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Mientras que la Casa Blanca y los tribunales luchan por la legalidad del veto de refugiados y viajeros de siete países, las iglesias presbiterianas alrededor de los Estados Unidos todavía esperan una solución rápida. La orden ejecutiva que prohíbe a los refugiados y viajeros de países predominantemente musulmanes ha generado una fuerte reacción en ambos lados del asunto.
While the White House and the courts battle over the legality of the travel ban on refugees and travelers from seven countries, Presbyterian churches across the U.S. are still hopeful for a quick resolution. The executive order banning refugees and travelers from the predominantly Muslim countries has drawn strong reaction on both sides of the issue.
A decision by the U.S. House of Representatives to roll back a signature bi-partisan anti-corruption law has Presbyterians and other ecumenical groups concerned about the impact on poverty-stricken countries. Under the anti-corruption rule known as “Section 1504,” or the “Cardin-Lugar Anti-Corruption Provision,” oil and mining companies would be required to publish the payments they make to governments around the world.
Un grupo de líderes religiosos cristianos, judíos y musulmanes se unieron el miércoles por la tarde para expresar su oposición a las órdenes ejecutivas del Presidente Trump sobre inmigrantes y refugiados. El nuevo presidente emitió las órdenes de detener la inmigración aumentando la seguridad fronteriza y restringiendo la aceptación de refugiados de otros países como Siria, Sudán, Somalia, Irak, Irán, Libia y Yemen.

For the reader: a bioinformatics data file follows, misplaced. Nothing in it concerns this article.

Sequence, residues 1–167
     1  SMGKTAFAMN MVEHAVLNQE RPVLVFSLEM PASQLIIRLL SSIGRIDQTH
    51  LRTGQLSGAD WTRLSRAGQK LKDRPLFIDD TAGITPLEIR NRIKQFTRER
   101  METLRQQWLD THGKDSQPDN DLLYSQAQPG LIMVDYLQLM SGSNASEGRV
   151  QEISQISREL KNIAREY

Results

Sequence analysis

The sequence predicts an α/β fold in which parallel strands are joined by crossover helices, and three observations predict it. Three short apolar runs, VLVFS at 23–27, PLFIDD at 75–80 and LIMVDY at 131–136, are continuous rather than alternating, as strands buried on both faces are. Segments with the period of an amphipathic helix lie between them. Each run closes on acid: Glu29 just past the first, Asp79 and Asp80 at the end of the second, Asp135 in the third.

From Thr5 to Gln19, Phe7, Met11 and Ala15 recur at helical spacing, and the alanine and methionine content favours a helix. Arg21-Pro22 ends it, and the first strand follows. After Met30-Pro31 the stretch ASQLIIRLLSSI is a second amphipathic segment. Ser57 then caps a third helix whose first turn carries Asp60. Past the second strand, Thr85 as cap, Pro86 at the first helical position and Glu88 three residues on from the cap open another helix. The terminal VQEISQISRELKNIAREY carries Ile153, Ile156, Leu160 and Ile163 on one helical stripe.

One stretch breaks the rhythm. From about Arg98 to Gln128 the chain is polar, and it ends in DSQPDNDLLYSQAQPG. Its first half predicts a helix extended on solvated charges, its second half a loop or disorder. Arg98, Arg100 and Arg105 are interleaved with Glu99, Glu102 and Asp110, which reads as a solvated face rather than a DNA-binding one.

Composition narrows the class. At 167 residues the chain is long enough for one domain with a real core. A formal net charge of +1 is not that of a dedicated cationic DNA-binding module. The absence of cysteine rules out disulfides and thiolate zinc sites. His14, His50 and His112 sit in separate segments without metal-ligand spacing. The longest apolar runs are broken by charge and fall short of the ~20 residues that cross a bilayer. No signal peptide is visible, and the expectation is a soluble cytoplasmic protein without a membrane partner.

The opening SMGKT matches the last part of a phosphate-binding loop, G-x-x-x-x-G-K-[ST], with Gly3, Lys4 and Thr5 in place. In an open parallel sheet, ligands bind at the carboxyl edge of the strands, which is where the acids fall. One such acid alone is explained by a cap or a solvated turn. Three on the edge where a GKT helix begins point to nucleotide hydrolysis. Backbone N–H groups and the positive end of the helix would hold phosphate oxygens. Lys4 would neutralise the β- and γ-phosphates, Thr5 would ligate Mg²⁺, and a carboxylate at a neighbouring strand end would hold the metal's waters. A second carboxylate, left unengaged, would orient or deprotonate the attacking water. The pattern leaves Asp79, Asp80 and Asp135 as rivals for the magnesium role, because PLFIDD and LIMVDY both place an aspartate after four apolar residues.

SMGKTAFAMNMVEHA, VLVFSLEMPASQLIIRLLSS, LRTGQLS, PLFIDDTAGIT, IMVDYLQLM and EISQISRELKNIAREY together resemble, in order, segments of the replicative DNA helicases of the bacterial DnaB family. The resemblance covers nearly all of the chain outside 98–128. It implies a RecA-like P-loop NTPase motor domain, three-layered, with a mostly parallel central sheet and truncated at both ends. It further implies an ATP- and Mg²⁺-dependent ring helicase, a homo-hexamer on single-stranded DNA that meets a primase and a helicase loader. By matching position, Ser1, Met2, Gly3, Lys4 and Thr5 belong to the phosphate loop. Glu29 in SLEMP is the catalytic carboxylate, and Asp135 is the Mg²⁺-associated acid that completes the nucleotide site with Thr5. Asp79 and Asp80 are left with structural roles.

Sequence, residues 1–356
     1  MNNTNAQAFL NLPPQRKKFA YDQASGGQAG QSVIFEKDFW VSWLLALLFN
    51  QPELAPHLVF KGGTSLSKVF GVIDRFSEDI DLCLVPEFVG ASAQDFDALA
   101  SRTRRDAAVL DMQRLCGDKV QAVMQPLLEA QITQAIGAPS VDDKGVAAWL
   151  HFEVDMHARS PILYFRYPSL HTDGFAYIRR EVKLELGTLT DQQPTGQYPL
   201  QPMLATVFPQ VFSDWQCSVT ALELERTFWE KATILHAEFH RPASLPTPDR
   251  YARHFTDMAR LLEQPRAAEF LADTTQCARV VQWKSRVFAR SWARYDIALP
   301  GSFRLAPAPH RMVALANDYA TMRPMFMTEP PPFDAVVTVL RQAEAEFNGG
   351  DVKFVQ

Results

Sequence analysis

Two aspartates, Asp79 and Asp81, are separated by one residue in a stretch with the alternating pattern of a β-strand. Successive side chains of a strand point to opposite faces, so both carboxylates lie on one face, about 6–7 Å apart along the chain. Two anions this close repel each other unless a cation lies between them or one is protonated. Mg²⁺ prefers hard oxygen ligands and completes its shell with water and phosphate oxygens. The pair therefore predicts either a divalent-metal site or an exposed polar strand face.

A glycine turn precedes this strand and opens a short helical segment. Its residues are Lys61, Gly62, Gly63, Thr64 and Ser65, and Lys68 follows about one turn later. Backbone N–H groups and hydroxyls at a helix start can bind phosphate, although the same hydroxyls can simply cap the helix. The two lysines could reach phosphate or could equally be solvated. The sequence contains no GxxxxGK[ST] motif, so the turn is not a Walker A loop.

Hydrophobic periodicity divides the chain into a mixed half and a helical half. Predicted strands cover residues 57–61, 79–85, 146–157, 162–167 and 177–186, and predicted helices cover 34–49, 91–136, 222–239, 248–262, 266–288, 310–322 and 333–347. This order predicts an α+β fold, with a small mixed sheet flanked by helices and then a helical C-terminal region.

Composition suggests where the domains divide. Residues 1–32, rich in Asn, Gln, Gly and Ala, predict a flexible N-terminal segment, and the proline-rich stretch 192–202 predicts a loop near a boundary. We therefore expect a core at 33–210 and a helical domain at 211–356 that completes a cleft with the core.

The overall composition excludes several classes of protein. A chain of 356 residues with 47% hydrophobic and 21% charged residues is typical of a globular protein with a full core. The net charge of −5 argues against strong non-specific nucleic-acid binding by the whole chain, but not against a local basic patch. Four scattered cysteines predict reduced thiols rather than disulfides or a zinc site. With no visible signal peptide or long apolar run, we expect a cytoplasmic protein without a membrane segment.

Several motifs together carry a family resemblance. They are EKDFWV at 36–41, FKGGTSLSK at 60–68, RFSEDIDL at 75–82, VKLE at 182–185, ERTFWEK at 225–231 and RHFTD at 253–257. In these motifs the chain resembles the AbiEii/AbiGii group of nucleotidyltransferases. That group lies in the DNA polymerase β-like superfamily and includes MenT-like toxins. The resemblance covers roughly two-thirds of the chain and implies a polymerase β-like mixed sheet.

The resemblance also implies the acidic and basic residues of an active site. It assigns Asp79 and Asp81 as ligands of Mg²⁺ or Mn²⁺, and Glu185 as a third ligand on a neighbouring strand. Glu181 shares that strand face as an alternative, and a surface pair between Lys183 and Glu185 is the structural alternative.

A group of Christian, Jewish and Muslim faith leaders joined together on Wednesday afternoon to express opposition to President Trump’s executive orders on immigration and refugees. The new president issued the orders to curb immigration by increasing border security and curtailing the acceptance of refugees from other countries such as Syria, Sudan, Somalia, Iraq, Iran, Libya and Yemen.
Residents along the deep south and Gulf Coast have begun to dig out from the damage left behind following an outbreak of tornadoes over the weekend. From January 21 through the 23, as many as 29 tornadoes swept across six states, leaving as many as 20 people dead, hundreds of homes and businesses destroyed and scattered power outages through out.
In an apparent random act of violence, the education wing of St. Stephen Presbyterian Church in Fort Worth, Texas was extensively vandalized last Saturday evening. Officials believe the vandals gained entry to the building by breaking windows around 8:00pm and then continued their rampage until 4:20am Sunday when a church steward arrived and startled them away.
Presbyterian churches located within a few miles of the Fort Lauderdale – Hollywood International Airport are still trying to wrap their minds around last Friday’s shootings that left five people dead and several injured. The suspect, Esteban Santiago, 26, appeared before a federal magistrate judge on Monday and could possibly face the death penalty.
It’s been over a month since fire broke out in an Oakland, California warehouse, known as Ghost Ship, killing 36 people. Just before Christmas, members of Presbyterian Disaster Assistance’s National Response Team, were invited to visit the community and meet with faith leaders.
The past year has been a challenging one for communities dealing with contaminated water supplies. Flint, Michigan has garnered national attention for nearly three years after improper source treatment caused lead from aging pipes to leach into the water. Between 6,000 and 12,000 residents have experienced a series of health problems including high levels of lead in the blood.